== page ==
I have heard (and I'm not privy to the inner minds of the DDP creators) that the sole benefit the DDP was created for is as proof of a date near the date of conception. Further that a filed DD cannot be or become evidence of "reduction to practice." I don't buy either of those. See above points 1, 2,and 3 to refute the "sole" benefit argument. What the creators might, or might not, have intended seems irrelevant to what the actual benefits are. As to the latter argument while it is true that filing a PAP or a full application---in black letter law---give one constructive "reduction to practice" there is always far more to the law than just the statute books. For various purposes other documents, actions, etc., have over the years by the courts been used to decide that an inventor was in full "possession" of the invention or had "completed" it without either actual or black-letter-law-constructive reduction to practice (See Mahurkar v. C.R.Bard, Inc. as an introduction to the topic). I have no doubt that, when fairness demands it, some DD will meet that test too. Not all, of course could or should count as more than evidence of conception but there is no bright line that says a DD never can count for more.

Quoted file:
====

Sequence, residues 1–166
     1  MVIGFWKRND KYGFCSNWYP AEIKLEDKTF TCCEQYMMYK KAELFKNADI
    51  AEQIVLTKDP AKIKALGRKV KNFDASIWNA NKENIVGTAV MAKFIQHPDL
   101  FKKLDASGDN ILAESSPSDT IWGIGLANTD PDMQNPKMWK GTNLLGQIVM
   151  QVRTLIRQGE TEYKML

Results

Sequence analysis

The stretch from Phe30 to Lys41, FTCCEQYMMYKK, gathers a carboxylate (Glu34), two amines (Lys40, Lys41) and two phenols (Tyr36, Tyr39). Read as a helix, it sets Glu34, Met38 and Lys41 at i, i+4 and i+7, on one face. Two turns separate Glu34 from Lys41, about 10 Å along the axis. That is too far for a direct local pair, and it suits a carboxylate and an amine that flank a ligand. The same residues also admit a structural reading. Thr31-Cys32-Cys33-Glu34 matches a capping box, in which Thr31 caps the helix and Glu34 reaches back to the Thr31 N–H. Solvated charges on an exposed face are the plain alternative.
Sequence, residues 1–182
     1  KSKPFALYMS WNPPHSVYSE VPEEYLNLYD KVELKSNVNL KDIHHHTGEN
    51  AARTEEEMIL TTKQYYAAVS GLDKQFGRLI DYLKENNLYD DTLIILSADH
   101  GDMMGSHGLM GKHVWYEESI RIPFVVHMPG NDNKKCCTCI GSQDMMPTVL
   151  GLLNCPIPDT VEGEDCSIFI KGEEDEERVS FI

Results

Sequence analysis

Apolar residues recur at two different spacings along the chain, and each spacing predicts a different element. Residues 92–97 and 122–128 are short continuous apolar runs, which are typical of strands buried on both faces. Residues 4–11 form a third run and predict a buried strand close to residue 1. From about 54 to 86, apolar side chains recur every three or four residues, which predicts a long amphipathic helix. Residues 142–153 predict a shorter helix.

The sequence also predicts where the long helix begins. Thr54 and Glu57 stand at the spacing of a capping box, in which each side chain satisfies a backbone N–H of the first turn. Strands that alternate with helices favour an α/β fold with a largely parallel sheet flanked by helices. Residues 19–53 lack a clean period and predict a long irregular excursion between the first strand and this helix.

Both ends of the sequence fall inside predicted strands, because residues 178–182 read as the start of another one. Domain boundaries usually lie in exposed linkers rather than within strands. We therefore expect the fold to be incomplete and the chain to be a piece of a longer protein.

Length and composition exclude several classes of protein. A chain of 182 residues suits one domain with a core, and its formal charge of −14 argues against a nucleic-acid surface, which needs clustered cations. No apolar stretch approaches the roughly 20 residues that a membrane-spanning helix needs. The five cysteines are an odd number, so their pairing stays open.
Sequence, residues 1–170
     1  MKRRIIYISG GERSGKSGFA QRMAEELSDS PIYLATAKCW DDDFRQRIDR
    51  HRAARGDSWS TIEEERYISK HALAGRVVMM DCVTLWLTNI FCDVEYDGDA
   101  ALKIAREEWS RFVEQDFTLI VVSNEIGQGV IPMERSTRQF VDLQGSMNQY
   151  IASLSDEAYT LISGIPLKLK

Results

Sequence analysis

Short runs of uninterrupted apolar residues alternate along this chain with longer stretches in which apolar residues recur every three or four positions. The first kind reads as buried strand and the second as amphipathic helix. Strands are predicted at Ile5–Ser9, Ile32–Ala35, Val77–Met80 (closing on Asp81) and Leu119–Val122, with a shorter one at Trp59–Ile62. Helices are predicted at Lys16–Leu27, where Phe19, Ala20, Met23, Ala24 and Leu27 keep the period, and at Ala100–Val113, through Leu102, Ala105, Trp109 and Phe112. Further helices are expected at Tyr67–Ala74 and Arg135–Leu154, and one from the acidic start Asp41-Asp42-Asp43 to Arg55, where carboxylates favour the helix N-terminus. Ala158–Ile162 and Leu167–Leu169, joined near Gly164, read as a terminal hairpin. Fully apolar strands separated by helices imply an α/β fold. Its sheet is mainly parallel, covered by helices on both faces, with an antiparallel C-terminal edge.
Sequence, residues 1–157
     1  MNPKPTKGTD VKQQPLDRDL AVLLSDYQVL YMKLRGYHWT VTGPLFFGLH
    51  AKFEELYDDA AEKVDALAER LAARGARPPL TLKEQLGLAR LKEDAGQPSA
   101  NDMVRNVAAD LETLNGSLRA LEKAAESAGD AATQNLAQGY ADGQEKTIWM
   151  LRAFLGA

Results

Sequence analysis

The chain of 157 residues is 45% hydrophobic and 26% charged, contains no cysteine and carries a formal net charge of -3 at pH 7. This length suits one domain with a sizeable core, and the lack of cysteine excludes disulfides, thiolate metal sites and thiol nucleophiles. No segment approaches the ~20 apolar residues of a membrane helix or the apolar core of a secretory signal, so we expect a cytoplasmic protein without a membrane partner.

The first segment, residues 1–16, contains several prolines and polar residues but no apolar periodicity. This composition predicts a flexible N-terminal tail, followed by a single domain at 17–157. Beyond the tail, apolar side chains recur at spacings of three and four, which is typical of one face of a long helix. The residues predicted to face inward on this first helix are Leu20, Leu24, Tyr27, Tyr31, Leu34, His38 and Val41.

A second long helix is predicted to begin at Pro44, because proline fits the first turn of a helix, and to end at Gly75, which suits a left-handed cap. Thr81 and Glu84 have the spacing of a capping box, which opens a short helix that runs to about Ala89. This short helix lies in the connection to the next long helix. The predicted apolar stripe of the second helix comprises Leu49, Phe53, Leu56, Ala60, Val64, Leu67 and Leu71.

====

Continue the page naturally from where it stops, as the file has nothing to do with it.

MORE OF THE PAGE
James E. White
Goodbye DDP, the PTO "Rationale"
Now I'll expose some of the PTO "rationale" for dropping the Disclosure Document Program. It is a very long rationale so it will not all appear here (I do hope to get around to adding a few more comments though). It is available at "Changes To Eliminate the Disclosure Document Program." I will only note a couple of items but I strongly encourage you to read the whole thing and compare it with my above points. Beware, this is government reasoning at it's finest. They also completely ignore the most important points re "inventors" by categorizing him/her as just another "small entity," i.e., an organization of less than 500 employees. I also strongly suggest you review other peoples' comments and decide for yourself if the government actually addressed all the issues.
The first 2 "comments" as paraphrased by the USPTO, their "response" and Jim's Notes include the full USPTO statement but after that I'll just hit a couple of points.
Comment 1: Several comments supported the Office proposal to eliminate the Disclosure Document Program, citing confusion by independent inventors regarding the benefits supplied by a disclosure document.